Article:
Gungrave G.O.R.E review

By Tom West,

Gungrave G.O.R.E launches on Xbox Series X|S, Xbox One, and Game Pass today, bringing the explosive third-person action from the early 2000s to a new generation. Here are our thoughts on this return of the cult franchise.

When preparing your arsenal of weapons for a fight against a well-funded criminal enterprise, you'd typically make sure you're stocked up on ammo, have the appropriate attire for a combat situation, and most likely have at least a couple of other badass warrior types alongside you. Grave, though, doesn't need ammo. Ammo is for chumps. Who needs combat attire when you can strut in with a trench coat and a limitless supply of bullets to shred everything in sight? And a squad of other badasses? Bah, he's been resurrected from the dead and is now immortal. What could be more badass than that?

Gungrave G.O.R.E launch trailer

I was lucky enough to play the first stage of Gungrave G.O.R.E at Gamescom earlier this year, and while it was apparent then that this game was going to lean into the gameplay found in the original games from the early 2000s, I wasn't prepared for the nostalgic trip this full release serves up. Its chaotic action comes in ten-minute bursts of adrenaline-fueled stage-based gameplay, making it an ideal game to play when you're short on time, and it brings the bygone era of early score-chasing fun to a new generation of players.

Truth be told, I didn't quite click with Gungrave's story at the beginning. The last time I played anything in the series, the PlayStation 2 was the hottest thing to have sat under your TV, so to say I'm a little rusty is an understatement. Iggymob has provided a short recap video within the menu that gives an overview of Grave's history in Gungrave and Gungrave: Overdose, which helped a bunch, but I still felt a little lost at the beginning of this instalment. By the third area, though, I was up to speed with the events happening around me and the absolute whirlwind of bullets I was thrust into every ten minutes felt purposeful. Grave's return is brought on by the Raven Clan, a new criminal enterprise producing the enhancement drug known as Seed. The drug was initially thought to only be manufactured in the fictional area of Scumland, but we're soon taken across Asia to destroy refineries in other countries, such as Malaysia and Vietnam.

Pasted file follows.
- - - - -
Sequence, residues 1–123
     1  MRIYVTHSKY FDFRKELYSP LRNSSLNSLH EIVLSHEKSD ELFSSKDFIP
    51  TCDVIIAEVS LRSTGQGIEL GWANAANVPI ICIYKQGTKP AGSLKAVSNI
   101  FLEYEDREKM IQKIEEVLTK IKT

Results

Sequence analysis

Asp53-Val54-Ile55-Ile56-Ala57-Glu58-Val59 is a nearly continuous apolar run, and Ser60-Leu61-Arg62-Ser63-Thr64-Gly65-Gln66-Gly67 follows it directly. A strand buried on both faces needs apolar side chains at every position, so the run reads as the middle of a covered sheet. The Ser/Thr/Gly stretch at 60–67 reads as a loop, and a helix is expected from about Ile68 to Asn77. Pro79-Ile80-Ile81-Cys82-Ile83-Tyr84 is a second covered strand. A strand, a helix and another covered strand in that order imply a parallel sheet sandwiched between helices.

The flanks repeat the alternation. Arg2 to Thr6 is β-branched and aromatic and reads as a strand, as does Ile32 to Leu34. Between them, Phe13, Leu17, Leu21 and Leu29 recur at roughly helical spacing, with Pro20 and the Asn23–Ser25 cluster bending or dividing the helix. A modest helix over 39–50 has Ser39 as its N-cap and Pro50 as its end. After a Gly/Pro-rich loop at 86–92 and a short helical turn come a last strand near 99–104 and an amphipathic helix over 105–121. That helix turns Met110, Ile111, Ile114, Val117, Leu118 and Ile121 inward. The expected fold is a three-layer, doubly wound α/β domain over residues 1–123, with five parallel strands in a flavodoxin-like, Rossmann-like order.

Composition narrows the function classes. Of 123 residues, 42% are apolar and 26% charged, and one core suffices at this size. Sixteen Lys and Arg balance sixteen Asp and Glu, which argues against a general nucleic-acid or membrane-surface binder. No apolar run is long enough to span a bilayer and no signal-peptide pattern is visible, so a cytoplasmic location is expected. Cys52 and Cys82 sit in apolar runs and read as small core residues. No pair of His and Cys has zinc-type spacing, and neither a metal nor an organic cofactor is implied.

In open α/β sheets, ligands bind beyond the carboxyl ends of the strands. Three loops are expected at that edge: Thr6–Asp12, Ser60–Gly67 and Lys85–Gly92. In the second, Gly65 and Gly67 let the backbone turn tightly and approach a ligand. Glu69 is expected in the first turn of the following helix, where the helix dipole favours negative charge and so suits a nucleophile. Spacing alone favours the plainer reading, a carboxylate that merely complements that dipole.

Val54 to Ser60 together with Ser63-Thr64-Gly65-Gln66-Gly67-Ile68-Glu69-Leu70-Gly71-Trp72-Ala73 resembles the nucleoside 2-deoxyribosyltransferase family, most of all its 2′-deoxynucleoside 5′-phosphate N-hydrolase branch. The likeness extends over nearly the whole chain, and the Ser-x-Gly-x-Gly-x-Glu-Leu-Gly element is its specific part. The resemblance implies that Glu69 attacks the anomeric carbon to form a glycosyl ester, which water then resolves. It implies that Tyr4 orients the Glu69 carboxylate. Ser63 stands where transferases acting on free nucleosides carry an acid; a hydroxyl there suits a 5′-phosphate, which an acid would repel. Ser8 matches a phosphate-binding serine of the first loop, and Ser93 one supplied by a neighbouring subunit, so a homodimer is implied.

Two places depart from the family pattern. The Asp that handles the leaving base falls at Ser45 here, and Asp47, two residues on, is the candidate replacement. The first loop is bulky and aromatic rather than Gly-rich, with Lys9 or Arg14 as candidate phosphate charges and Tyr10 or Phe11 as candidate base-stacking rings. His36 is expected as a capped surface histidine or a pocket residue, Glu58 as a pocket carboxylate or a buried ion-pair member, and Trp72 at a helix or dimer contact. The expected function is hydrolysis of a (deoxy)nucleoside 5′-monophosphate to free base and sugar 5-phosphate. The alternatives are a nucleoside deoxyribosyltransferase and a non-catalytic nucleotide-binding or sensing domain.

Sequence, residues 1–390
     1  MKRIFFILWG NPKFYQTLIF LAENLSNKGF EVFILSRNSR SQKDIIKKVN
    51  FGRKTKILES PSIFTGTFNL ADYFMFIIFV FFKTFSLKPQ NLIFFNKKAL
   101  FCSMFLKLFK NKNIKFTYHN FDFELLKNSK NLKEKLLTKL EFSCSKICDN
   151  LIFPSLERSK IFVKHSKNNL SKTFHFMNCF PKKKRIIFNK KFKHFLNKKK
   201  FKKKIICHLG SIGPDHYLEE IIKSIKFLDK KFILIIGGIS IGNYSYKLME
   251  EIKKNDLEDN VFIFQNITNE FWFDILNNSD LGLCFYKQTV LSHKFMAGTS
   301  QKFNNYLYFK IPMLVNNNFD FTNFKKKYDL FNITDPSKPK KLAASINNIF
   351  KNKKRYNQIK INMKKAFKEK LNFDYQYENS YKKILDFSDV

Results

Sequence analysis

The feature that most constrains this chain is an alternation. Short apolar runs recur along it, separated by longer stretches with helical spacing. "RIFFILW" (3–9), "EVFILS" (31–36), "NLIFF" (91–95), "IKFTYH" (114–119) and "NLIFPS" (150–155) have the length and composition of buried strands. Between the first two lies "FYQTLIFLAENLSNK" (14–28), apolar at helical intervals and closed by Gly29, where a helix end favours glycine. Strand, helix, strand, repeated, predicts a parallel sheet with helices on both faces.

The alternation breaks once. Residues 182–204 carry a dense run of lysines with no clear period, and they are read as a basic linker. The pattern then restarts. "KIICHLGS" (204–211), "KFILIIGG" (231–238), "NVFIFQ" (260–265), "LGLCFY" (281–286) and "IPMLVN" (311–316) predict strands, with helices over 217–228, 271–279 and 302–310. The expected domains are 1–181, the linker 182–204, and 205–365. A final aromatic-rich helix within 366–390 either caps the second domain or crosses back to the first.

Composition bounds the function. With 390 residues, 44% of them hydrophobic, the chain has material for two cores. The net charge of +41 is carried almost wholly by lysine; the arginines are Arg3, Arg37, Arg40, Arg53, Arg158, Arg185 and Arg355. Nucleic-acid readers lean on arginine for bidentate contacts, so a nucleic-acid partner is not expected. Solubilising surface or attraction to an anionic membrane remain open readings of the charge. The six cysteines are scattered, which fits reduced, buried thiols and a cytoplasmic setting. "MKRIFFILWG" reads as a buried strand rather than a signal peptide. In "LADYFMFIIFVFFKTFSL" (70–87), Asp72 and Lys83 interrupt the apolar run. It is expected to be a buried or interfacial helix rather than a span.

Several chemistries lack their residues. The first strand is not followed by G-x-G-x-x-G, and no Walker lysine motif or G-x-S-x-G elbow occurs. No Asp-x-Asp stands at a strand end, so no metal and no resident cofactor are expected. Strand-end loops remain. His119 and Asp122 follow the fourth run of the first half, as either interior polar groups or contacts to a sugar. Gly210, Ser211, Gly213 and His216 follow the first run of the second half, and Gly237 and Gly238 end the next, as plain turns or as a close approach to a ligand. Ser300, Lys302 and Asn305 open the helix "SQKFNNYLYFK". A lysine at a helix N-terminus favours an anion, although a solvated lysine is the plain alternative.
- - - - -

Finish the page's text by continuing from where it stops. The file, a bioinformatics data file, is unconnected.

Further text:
The locations are certainly easy on the eyes, seeing us leave a trail of destruction in our wake as we travel through jungles, cities, factories, an overly large casino, and more. The combat, though, is at the forefront of the Gungrave G.O.R.E experience, and I've personally found it to be a rather therapeutic experience in all honesty. Grave's arsenal comes in three forms: the dual-wielded handguns called Cerberus, the multipurpose coffin Death Hauler, and a Fury mode that amps Grave's damage output. Cerberus is your main and constant damage source, and due to the lack of reloading, the use of them becomes rhythmic in nature, only broken when you need to swing Death Hauler like a melee weapon or use it as a missile launcher, mini-gun, time machine, or various other function. It's that rhythmic approach to the gameplay that I've found to be quite therapeutic in a way and brings back many fond memories of early score-attack games.

While the general approach of Grave's attacks is therapeutic, don't mistake the game for being a breeze because it most certainly isn't, and I learned that lesson very early on. I slung the game on normal difficulty for this review, and by the second area, I had to drop it into easy as I was put on the receiving end of the pain. Once I unlocked more abilities and upgrades, I was better prepared to tackle the next difficulty levels. The general combat isn't the difficult part per see, as it's very much just learning to use your abilities the correct way and at the right moment, but every now and then, you'll come across a stage that has a pretty severe damage-check phase, which sees you slaughtered if you don't clear the enemies quick enough. My moment of realisation came at the end of one stage that required me to clear the enemies on top of a train, so I could drop into a carriage on the other side of them, all before we went through a tunnel and everyone was wiped out. No matter how hard I went at them, I couldn't clear them enough to get past them, or I was knocked off the train and, in turn, had to restart the checkpoint. This is where I saw pretty much the only major issue I have with the game.